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As previously shown, in order for exporting member B on network B to receive their payment, network B’s Proxy Account needs to mint new Stable Credits and remit them to member B.
This increases network B’s circulating Stable Credit supply in the same way in which new member debt would increase it. However, while Stable Credits created through member debt are eventually reabsorbed when the indebted member fulfils their debt obligation, Proxy Account debt created through exports can only be cleared by corresponding imports (by members of network B acquiring goods and services offered by members on other networks).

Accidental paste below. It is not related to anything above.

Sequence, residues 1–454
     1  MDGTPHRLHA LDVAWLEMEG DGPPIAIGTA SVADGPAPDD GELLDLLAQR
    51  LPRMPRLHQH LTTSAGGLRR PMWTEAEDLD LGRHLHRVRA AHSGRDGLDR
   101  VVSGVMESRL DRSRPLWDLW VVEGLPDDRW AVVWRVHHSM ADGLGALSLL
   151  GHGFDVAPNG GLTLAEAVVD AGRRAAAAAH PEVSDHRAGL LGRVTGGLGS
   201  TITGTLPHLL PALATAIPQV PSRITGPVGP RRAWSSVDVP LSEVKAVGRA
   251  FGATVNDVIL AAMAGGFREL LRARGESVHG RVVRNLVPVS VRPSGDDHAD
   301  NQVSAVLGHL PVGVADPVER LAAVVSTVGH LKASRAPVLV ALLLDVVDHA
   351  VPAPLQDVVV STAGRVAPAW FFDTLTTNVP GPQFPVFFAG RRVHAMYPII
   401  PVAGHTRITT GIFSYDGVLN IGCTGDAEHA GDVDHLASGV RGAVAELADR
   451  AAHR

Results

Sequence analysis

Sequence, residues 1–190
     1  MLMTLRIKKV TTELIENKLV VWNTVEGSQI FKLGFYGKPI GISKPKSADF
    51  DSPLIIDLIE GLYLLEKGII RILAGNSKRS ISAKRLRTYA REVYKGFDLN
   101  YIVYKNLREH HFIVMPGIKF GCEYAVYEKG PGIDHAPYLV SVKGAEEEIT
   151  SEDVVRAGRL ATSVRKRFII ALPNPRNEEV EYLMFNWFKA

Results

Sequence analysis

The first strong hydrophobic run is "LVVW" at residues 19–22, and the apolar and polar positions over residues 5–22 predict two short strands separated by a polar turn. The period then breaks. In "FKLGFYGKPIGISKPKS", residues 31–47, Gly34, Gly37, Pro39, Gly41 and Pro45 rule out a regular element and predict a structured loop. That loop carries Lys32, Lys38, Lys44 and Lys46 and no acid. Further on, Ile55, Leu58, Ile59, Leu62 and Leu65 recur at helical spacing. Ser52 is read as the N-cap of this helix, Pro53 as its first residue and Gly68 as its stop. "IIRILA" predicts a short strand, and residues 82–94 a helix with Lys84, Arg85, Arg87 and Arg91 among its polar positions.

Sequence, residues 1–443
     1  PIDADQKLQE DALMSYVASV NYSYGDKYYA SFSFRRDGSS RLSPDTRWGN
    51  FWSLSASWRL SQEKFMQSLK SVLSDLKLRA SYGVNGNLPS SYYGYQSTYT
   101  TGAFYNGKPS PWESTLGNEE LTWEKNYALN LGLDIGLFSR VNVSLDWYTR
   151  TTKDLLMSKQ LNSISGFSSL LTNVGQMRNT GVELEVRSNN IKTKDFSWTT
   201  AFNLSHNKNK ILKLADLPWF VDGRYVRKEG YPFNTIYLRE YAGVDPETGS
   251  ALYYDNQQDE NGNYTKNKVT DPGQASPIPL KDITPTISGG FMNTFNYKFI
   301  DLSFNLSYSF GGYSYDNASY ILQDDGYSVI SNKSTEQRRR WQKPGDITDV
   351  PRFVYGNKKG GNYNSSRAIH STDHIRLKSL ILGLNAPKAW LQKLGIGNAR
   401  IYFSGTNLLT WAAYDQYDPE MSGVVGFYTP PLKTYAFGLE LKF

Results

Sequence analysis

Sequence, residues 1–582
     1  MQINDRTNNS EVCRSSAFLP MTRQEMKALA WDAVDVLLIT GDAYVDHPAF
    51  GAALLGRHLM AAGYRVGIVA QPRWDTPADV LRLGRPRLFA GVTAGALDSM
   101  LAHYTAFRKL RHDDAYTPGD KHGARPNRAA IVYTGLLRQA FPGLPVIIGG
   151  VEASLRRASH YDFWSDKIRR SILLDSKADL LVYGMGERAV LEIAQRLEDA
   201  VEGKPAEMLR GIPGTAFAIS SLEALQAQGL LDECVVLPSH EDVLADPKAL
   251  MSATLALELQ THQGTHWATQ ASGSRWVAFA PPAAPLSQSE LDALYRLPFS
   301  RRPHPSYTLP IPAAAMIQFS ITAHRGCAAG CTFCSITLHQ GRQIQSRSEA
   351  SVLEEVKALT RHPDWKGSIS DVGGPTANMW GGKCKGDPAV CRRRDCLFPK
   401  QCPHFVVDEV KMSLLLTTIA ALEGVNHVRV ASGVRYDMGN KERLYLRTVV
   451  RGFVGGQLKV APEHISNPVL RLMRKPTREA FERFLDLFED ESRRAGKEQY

Consequently, when network B agrees to sell goods and services to other networks in the Clearing House, it has to assume that these exports will eventually be matched with corresponding imports. If this does not occur, meaning members on network B do not find anything worthwhile to acquire on other networks, network B’s debt position remains open and will eventually have to be covered by its Reserve, in the same way in which defaulted member debt is covered (read more under Credit Risk).
As a result, exporting networks assume risk which is carried collectively by the network as a whole. As we’ll show in the following chapter, the import/export limits set by the Clearing House, in conjunction with its fee structure, are designed to mitigate this risk, while driving the inter-network market towards a faster and more efficient resolution of trade imbalances.